How many babies do snakes have?

The female snake gives birth in the summer to as many as 40 live babies. The babies look very similar to the adult versions, only smaller, and they are completely independent.

How many people come to visit the Narcisse Snake Dens?

Some years there have been as many as 15,000 visitors. It is a popular place for photographers, and videographers, and is sometimes used in TV and movie productions.

Can you hold a snake?

garter snake hissing

One of the missions of the Narcisse Wildlife Management Area group is to teach children to have a positive relationship with snakes.


Yes! Many school groups visit the site, and the park staff encourages children to hold the snakes to give them an opportunity to develop a positive experience with snakes. Adults are encouraged to handle the snakes as well. Snakes are not slimy, but one woman described them as holding a moving jump rope.

Are the snakes dangerous?

No. The red-sided garter snake is a docile animal that doesn’t seem to be bothered by being handled. The mob of snakes will not turn on you and chase you down! Even if you walked through the den, it would be unlikely that you would get bitten or attacked. Garter snakes can bite, but they do not have fangs like rattlesnakes, so it feels more like a nibble.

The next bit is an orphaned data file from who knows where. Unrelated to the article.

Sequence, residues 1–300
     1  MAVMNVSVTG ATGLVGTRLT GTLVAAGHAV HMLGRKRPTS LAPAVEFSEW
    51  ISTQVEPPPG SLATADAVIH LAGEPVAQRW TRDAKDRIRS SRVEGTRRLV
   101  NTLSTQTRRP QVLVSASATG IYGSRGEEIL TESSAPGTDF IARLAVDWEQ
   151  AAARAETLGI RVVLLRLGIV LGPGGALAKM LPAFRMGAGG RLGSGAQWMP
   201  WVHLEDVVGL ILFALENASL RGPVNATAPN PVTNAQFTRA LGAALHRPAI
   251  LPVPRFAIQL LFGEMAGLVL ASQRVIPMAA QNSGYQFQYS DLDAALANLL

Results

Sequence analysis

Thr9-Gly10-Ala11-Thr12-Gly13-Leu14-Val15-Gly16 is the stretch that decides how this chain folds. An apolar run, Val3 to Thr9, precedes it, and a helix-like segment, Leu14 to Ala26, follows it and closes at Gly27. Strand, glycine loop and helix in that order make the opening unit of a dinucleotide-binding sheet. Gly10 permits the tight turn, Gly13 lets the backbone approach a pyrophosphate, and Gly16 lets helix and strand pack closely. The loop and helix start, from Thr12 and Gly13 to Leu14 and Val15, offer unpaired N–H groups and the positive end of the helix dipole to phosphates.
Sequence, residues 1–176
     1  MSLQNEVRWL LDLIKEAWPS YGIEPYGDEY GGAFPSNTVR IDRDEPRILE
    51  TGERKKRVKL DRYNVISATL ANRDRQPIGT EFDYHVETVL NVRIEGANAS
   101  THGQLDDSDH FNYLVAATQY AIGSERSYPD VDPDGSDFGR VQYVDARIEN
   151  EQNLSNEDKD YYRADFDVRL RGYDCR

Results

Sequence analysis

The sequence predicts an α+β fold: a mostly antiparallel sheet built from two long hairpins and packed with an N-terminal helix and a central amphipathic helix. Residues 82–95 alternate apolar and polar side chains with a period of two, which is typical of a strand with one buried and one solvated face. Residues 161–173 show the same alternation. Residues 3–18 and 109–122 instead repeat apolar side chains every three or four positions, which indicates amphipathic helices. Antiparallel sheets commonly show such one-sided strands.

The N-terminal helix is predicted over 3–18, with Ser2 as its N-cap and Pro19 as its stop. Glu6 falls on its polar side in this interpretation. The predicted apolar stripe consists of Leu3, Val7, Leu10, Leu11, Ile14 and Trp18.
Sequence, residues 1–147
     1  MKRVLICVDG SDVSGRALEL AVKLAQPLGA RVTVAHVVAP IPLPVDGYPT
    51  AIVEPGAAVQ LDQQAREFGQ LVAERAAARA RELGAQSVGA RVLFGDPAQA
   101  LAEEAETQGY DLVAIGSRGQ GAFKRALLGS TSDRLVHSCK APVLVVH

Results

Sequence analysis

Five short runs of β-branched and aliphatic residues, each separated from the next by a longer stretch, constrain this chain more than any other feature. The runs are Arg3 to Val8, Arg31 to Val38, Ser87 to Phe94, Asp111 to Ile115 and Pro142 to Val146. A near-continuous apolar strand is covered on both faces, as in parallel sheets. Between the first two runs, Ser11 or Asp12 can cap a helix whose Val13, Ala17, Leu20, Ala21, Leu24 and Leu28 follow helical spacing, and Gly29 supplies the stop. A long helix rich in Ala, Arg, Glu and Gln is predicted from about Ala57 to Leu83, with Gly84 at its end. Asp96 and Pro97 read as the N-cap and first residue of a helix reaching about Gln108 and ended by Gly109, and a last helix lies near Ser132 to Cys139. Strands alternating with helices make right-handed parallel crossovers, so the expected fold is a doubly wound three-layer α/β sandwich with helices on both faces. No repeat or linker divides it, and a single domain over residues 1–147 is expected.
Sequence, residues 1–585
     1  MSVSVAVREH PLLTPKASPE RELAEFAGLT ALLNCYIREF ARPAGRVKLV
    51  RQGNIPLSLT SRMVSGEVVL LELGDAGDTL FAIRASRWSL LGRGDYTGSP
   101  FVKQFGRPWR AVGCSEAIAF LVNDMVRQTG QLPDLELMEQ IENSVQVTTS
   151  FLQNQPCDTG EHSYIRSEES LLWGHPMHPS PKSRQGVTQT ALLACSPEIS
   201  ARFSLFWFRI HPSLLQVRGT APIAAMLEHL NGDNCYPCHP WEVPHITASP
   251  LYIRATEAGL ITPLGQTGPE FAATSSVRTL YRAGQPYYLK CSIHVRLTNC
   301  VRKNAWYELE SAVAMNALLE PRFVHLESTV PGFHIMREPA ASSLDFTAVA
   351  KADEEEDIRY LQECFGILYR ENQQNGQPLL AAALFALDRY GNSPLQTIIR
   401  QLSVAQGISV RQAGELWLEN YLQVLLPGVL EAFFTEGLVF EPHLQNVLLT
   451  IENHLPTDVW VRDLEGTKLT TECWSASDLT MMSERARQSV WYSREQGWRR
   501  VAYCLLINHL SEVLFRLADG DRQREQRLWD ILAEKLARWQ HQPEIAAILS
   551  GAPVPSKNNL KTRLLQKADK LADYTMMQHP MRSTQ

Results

Rattlesnake Inside Mouth

Rattlesnakes like this one have fangs for biting and delivering venom. Garter snakes do not have fangs and are not venomous.


What do I need to know if I am planning a visit to the Narcisse Snake Dens?

First, check the website to time your trip when the mating season is active. The park is not very large but does have onsite parking and trails. There are bathroom facilities and a few picnic tables but you will want to bring in your own food and drink if you plan to stay for an afternoon. Maybe you want to check with your mom to see if she would enjoy a day at the largest gathering of snakes as a Mother’s Day outing (I know my mom would give a hard pass!).

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About the Author

I'm a Wildlife Conservation Author and Journalist, raising awareness about conservation by teaching others about the amazing animals we share the planet with. I graduated from the University of Minnesota-Morris with a degree in Elementary Education and I am a former teacher. When I am not writing I love going to my kids' soccer games, watching movies, taking on DIY projects and running with our giant Labradoodle "Tango".